The live performances featured Cooper wearing a dress with fake blood stains at the crotch, tearing apart baby dolls, attacking mannequins, and being decapitated by a guillotine.[14] Cooper has said that the mutilation of the dolls symbolize child neglect.[15] Between 40 and 50 people were employed and 26,000 pounds of equipment were used.[16] In preparation for the tour, two semi-trailer trucks carried a wide variety of props including a dentists drill, four whips, a surgical table, six hatchets, 33,000 program books, 300 baby dolls, 22,000 sparklers, 58 mannequins, 280 spare light bulbs, 1,000 patches, 6,000 mirror parts, 14 bubble machines, 28 gallons of bubble juice, and 250,000 packages of bubble bath.[6]

Reception and influence[edit]

Professional ratings
Review scores
Source Rating
Allmusic 4.5/5 stars[1]
Creem B+[17]
PopMatters (Favorable)[9]
The Rolling Stone Album Guide 2.5/5 stars[18]

Billion Dollar Babies was commercially more successful than Cooper's previous albums; it went to No. 1 in both the United Kingdom and United States.[13] The album's singles "Elected", "Hello Hooray", "Billion Dollar Babies", and "No More Mr. Nice Guy", all became hits on the Billboard Hot 100.[19] In March 1973 the album was certified gold by the Recording Industry Association of America and in 1986, it went platinum.[20]

In a contemporary review for Creem magazine, Robert Christgau said that Billion Dollar Babies is Cooper's "most consistent album", even though it lacks a song as strong as "School's Out".[17] In a retrospective review, Allmusic's Greg Prato awarded the album four and a half out of five stars and called it "one of Cooper's very best; it remains one of rock's all-time, quintessential classics."[1] Jason Thompson of popmatters praised the album, saying it was "arguably the original Alice Cooper Group's best album."[9] However, The Rolling Stone Album Guide (2004) was less positive about the album, giving it two and a half stars and criticizing songs like "I Love the Dead" for being "predictable".[18] Daniel Bukszpan, the author of The Encyclopedia of Heavy Metal, called it a "classic" and "arguably the original band's finest offering."[21] In 2005, Billion Dollar Babies was ranked number 283 in Rock Hard magazine's book of The 500 Greatest Rock & Metal Albums of All Time.[22]

Chris Cornell of Soundgarden stated that it was one of his favorite records. In an interview with SPIN Magazine in 1989, he commented that: “When I was in junior high, every Friday the teachers would let the kids play their favorite records. I brought in Billion Dollar Babies [Alice Cooper, 1973] and they wouldn’t let me play it. They never vetoed anyone’s choice before. It was then I knew that rock’n’roll could scare the fuck out of certain people.”[23] The Norwegian group Turbonegro made a song called "Zillion Dollar Sadist" as a tribute to Billion Dollar Babies.[24] David Byrne of the Talking Heads has said that the album inspired him to write the song, "Psycho Killer".[25]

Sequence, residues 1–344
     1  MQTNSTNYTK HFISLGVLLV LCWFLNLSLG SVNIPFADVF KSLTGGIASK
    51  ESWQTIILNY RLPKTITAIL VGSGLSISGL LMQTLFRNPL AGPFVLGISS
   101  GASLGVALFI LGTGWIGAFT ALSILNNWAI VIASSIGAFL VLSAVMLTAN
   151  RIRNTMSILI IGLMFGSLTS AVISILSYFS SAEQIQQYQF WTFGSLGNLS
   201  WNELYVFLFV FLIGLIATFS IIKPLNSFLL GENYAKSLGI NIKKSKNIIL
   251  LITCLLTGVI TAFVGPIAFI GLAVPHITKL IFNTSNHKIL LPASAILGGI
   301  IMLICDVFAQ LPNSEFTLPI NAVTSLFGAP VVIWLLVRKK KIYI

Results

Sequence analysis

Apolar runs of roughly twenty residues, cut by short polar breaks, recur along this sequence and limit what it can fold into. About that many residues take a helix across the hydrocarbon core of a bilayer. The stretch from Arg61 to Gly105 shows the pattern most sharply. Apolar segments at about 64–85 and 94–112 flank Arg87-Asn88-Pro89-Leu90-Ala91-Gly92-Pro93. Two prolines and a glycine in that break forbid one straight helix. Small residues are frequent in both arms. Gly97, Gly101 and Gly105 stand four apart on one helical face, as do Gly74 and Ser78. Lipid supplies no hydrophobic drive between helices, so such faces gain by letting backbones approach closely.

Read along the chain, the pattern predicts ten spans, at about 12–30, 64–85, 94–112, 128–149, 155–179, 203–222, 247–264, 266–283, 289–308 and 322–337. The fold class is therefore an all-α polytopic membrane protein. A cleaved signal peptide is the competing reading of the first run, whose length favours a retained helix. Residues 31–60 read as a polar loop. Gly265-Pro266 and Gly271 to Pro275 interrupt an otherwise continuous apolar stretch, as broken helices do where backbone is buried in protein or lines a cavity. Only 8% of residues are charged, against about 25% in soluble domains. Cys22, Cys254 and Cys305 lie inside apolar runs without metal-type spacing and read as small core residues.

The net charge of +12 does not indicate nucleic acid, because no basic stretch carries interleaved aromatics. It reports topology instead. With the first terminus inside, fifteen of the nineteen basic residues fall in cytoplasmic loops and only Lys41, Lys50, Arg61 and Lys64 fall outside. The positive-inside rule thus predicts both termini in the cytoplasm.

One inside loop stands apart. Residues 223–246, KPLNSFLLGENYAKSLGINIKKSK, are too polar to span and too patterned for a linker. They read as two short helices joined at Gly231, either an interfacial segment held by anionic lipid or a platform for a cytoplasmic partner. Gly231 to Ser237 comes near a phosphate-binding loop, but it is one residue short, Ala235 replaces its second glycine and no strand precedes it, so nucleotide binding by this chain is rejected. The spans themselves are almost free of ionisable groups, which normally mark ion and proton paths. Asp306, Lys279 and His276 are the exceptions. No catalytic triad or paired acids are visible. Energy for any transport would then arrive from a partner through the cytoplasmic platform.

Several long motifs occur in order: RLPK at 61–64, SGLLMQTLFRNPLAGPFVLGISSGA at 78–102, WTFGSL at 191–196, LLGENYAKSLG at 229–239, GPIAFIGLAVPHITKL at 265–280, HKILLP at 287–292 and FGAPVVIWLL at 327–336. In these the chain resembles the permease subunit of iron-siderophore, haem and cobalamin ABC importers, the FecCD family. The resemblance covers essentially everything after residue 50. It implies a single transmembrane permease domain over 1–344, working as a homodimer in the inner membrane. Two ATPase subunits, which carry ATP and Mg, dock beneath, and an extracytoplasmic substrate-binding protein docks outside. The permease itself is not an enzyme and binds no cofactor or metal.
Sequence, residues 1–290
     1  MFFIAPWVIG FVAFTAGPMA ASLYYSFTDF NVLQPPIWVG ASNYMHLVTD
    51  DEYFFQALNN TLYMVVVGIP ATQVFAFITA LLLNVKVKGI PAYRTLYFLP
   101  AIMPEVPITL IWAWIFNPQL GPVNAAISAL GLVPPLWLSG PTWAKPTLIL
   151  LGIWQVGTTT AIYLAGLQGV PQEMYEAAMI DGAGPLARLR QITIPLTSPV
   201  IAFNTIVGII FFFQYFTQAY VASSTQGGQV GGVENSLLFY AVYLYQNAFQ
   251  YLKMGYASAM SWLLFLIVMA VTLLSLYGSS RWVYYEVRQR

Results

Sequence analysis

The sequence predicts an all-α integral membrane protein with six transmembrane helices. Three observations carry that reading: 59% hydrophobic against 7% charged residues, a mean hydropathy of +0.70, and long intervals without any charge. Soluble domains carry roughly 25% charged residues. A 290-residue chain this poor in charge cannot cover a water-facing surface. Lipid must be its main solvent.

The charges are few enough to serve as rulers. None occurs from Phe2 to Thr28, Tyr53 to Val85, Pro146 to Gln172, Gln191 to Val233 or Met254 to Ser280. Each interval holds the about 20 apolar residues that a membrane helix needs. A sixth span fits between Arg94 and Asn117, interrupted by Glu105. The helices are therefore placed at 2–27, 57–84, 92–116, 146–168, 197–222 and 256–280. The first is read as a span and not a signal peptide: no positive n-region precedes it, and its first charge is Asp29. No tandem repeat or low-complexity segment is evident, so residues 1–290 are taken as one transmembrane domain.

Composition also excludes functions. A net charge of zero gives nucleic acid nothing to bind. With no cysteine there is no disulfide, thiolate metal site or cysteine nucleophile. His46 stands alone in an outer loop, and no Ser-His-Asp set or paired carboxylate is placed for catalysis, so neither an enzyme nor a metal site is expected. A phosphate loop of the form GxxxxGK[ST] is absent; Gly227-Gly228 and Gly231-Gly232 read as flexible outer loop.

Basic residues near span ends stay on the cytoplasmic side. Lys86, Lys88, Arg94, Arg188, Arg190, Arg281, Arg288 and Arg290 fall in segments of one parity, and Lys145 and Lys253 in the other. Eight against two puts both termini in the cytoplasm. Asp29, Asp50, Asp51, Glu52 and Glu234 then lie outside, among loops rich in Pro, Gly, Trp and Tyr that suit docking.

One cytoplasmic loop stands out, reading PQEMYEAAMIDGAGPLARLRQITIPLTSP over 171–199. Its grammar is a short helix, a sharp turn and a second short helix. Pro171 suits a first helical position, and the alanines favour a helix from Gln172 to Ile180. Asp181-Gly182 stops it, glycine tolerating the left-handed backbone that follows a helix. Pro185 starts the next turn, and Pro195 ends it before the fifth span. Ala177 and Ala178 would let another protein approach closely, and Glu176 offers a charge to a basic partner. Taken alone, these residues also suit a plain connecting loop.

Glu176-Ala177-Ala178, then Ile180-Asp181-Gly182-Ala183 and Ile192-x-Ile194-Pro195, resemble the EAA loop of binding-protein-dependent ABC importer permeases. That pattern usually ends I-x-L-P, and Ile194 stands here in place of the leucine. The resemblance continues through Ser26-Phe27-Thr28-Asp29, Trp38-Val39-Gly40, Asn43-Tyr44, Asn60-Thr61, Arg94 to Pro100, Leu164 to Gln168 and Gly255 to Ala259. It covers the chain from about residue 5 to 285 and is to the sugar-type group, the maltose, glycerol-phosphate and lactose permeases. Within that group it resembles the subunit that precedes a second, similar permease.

Swiss industrial black metal group Samael did a cover of the song "I Love the Dead" on their Rebellion EP.

Track listing[edit]

LP[edit]

Side one
No. Title Music Length
1. "Hello Hooray"   Rolf Kempf 4:15
2. "Raped and Freezin'"   Cooper, Michael Bruce 3:19
3. "Elected"   Cooper, Glen Buxton, Bruce, Dennis Dunaway, Neal Smith 4:05
4. "Billion Dollar Babies"   Cooper, Bruce, Smith, Reggie Vinson 3:43
5. "Unfinished Sweet"   Cooper, Bruce, Smith 6:18
Side two
No. Title Music Length
6. "No More Mr. Nice Guy"   Cooper, Bruce 3:06
7. "Generation Landslide"   Cooper, Buxton, Bruce, Dunaway, Smith 4:31
8. "Sick Things"   Cooper, Bruce, Bob Ezrin 4:18
9. "Mary Ann"   Cooper, Bruce 2:21
10. "I Love the Dead"   Cooper, Ezrin 5:09

Deluxe Edition CD bonus tracks[edit]

The 2001 CD reissue includes these additional tracks on a second disc:[26]

No. Title Music Length
1. "Hello Hooray (Live)"   Kempf  
2. "Billion Dollar Babies (Live)"   Bruce, Cooper, Smith, Vinson  
3. "Elected (Live)"   Bruce, Buxton, Cooper, Dunaway, Smith  
4. "I'm Eighteen (Live)"   Bruce, Buxton, Cooper, Dunaway, Smith  
5. "Raped and Freezin' (Live)"   Bruce, Cooper  
6. "No More Mr. Nice Guy (Live)"   Bruce, Cooper  
7. "My Stars (Live)"   Cooper, Ezrin  
8. "Unfinished Sweet (Live)"   Bruce, Cooper, Smith  
9. "Sick Things (Live)"   Bruce, Cooper, Ezrin  
10. "Dead Babies (Live)"   Bruce, Buxton, Cooper, Dunaway, Smith  
11. "I Love the Dead (Live)"   Cooper, Ezrin